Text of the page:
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Painting over 'footballs' in russian/baltic birch8/29
We are building some small cabinets that are specifically made from baltic/russian birch due to some of it's characteristics (rigidity and core quality).
The "football" plugs however are giving us a little grief in the paint booth. The client isn't thrilled with the way the outer perimeter of the football plug can telegraph through the finish.
We spray a fairly high solids CV, and we've tried every trick we know to hide the footballs, and the final result is hit or miss. Some disappear totally, but most you still see a bit of a witness to the oval shape even after 3 coats, sanded aggressively.
We've tried using putty, bondo, etc to fill in that tiny hairline ring that can result but nothing is a sure-bet.
We're not exactly keen on switching materials to something like common domestic C3/B2 Maple because we need the core integrity of the Baltic birch.
Anyone have any tips on this?
Spec a higher grade of Russian birch. BB/BB can include patches and putty fill but B/BB will have one clear face.
if you have to use that material you can always lay up the end/seen panels with a backer sheet or liner material then paint that. will come out perfect.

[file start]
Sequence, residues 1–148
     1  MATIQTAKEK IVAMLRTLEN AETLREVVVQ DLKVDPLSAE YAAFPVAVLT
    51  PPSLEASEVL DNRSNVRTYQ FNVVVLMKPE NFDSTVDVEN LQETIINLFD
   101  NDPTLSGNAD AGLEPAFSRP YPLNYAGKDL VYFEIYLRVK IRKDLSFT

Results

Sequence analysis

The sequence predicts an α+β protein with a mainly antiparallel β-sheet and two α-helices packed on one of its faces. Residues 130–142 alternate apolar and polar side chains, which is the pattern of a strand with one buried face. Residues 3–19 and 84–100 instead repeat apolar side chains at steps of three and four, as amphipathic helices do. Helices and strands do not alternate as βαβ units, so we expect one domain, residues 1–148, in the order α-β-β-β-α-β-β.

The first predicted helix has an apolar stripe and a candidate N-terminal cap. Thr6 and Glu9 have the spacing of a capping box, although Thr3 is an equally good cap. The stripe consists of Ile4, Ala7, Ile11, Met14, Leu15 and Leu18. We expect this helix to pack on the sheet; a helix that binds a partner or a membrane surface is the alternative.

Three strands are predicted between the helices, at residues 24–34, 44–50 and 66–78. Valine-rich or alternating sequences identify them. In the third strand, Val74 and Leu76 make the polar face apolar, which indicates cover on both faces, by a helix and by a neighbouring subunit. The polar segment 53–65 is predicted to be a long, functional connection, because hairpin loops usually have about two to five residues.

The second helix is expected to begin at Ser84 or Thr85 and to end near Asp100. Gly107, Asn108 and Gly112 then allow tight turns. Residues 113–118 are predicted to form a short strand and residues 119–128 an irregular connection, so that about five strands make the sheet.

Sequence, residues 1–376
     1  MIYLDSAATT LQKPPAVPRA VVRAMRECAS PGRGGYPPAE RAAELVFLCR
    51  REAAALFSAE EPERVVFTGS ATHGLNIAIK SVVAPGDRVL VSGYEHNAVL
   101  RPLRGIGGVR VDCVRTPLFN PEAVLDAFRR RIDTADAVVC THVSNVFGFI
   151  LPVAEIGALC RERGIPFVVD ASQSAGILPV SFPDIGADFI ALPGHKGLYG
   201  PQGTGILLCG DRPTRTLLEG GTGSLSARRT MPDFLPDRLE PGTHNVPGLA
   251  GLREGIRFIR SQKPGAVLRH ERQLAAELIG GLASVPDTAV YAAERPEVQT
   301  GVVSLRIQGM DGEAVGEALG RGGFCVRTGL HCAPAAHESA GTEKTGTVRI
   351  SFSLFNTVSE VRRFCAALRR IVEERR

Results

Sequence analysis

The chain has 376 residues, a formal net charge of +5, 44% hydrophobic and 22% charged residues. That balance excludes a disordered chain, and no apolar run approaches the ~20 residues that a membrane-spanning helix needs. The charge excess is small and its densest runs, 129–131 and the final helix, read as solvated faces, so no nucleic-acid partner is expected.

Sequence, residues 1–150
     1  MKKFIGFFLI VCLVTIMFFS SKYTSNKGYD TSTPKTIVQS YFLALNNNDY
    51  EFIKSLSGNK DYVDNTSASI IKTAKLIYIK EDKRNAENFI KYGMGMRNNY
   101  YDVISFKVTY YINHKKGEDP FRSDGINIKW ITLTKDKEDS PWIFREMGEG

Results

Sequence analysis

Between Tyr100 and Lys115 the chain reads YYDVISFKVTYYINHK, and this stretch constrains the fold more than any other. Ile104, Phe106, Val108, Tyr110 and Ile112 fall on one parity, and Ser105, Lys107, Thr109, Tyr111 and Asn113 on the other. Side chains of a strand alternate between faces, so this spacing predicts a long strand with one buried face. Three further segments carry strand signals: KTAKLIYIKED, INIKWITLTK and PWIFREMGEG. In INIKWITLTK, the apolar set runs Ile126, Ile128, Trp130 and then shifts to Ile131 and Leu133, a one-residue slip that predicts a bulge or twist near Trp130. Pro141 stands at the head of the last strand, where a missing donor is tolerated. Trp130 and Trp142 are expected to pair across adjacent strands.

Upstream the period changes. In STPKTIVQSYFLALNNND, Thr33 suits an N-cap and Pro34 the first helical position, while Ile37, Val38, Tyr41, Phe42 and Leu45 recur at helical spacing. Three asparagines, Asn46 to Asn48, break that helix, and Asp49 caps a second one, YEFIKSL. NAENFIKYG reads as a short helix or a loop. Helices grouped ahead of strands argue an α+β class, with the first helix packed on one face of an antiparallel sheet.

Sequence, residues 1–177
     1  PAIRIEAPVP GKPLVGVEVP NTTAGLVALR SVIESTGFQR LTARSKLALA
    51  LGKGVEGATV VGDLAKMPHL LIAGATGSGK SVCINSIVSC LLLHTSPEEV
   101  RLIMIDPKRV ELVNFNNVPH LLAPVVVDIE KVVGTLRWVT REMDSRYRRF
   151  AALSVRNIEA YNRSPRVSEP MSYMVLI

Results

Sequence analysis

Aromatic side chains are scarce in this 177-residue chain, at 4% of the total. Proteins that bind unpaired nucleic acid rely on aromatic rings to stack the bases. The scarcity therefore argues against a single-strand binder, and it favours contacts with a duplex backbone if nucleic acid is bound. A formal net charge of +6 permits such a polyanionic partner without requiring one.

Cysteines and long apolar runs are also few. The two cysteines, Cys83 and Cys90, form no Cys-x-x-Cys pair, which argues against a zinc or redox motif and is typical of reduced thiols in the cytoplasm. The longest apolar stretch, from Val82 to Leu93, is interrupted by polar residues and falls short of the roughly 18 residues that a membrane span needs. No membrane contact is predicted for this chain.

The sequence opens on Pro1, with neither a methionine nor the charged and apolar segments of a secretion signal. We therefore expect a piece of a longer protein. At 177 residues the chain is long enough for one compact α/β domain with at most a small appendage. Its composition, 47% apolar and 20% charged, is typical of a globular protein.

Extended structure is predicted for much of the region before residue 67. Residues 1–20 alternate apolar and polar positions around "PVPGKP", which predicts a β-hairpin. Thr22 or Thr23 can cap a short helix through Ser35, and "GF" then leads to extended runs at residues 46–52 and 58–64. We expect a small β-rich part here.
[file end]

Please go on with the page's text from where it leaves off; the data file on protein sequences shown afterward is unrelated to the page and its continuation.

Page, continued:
Drip cyanoacrylate glue along the joints, let is set fully, and then sand. Re-drip any areas that are not bonded 100%. Your aim is to bond the entire football at the surface - the joint between faces.
But buying better Baltic Birch brings better boxes, as I always say.
Honestly a good finisher can polish a turd.... In this case your finisher is not using a good enough primer surfacer or he isn't getting enough millage laid down. I would build up primer coats well past acceptable dry mills, let cure and then proceed to rough sand back flat. This process, if done correctly will fill any voids and render the surface perfectly flat and no voids after it's sanded back thoroughly. Get the primered surface perfect and your topcoat will lay out beautiful... IMO
Just to clarify, B face is free of splits or patches, BB can have putty and patches. I have never encountered a BBB designation but confusion might exist because I hear contractors calling for triple B at the order desk when they want B/BB.
Understood, gentlemen. Most of what you're saying is what I expected.
Let me feed this info upstream.
A couple of different approaches, piling on primer and grinding it down to smooth, and using CA glue to skim over and to fill in the tiny seams.
For me, the CA glue is more production friendly than is laying down an overly thick coat of primer. Similarly, when prepping furniture for delivery and there's a bondo or epoxy putty repair to be done, the CA glue is a go-to to skim over the bondo or epoxy putty fill. It acts as a barrier coat and hides any seams that seem to want to telegraph through the topcoat no matter how smoothly sanded.
Each option for dealing with these fills has its tradeoffs.
Does everyone don a mask with a cartidge filter when using CA glue? Don't breath that stuff, even when you're sanding it. It's pernicious and nasty. Wear your mask. If you have a beard, either shave it or wear a fresh air supplied positive feed respirator. Safe finishing is no accident.
Don’t huff Cyanoacrylate